August 6, 2012
U.S. District Court Judge Leonard P. Stark recently ruled that residents of the Wilmington (DE) Housing Authority may not carry firearms in “common areas” of public housing buildings. 2012 WL 3065285. Residents were divided on the decision, but the Brady Center to Prevent Gun Violence proclaimed:
“Yet again, a court has affirmed that the Second Amendment does not infringe on gun owners’ rights when it comes to common-sense restrictions on the carrying of guns in public spaces.”
It has been suggested the ruling may become a national model.
There have been various legal battles waged over gun control. On June 28, 2010, in McDonald v. City of Chicago, the United States Supreme Court (130 S.Ct. 3020) prohibited state and local governments from blanket bans on gun ownership. The city of Chicago and the village of Oak Park (IL) instituted bans on handgun possession impacting many citizens. The Supreme Court ruled that the Second Amendment fully applies to states by virtue of the Fourteenth Amendment, and as the local blanket bans on handguns violated the Second Amendment, they were unconstitutional.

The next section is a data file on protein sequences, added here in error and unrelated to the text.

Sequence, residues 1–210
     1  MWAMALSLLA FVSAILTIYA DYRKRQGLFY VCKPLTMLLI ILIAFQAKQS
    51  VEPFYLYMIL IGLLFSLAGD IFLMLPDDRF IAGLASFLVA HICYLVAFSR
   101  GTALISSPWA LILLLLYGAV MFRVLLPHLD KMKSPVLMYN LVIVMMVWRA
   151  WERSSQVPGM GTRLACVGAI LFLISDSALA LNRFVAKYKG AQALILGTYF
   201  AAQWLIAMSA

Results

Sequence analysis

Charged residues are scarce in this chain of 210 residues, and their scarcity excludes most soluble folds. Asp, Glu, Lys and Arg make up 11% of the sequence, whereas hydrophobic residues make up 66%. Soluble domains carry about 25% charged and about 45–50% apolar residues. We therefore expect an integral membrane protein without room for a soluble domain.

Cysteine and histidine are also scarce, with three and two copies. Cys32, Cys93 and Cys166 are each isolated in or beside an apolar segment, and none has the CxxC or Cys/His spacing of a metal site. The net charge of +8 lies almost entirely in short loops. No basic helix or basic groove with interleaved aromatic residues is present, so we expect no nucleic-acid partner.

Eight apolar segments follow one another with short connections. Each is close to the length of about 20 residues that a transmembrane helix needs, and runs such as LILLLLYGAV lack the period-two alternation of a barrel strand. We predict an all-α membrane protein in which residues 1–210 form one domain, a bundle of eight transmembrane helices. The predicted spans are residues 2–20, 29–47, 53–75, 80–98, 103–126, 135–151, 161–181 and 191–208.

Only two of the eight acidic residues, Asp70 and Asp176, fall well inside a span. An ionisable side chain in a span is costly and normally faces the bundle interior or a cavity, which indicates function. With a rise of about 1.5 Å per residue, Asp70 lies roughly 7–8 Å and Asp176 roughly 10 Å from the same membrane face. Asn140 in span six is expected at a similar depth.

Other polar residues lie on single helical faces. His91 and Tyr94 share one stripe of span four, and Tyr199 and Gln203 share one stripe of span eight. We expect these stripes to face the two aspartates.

In another case, District of Columbia v. Heller (128 S.Ct. 2783), the Supreme Court ruled that a D.C. statute banning handgun possession in the home violated the Second Amendment. In its opinion, the court explicitly stated that its ruling was not meant to clarify the entire field of Second Amendment issues, but that “there will be time enough to expound upon the historical justifications for the exceptions we have mentioned if and when those exceptions come before us.” (128 S.Ct. at 2821).
It will be very interesting to see how courts analyze and adjudicate future cases involving the right to bear arms. Interested observers may want to focus their scope—er, their attention—on further developments.
For more information on this issue, the following queries may be run on WestlawNext:
BAN BANNING BANNED /S GUN FIREARM /S CONSTITUTIONAL UNCONSTITUTIONAL /s “SECOND AMENDMENT” (23)
Jurisdiction: All Federal
RESTRICT! LIMIT! /S “RIGHT TO BEAR ARMS” /S CONSTITUTIONAL UNCONSTITUTIONAL (174)
Content: Secondary Sources
Jurisdiction: All State & Federal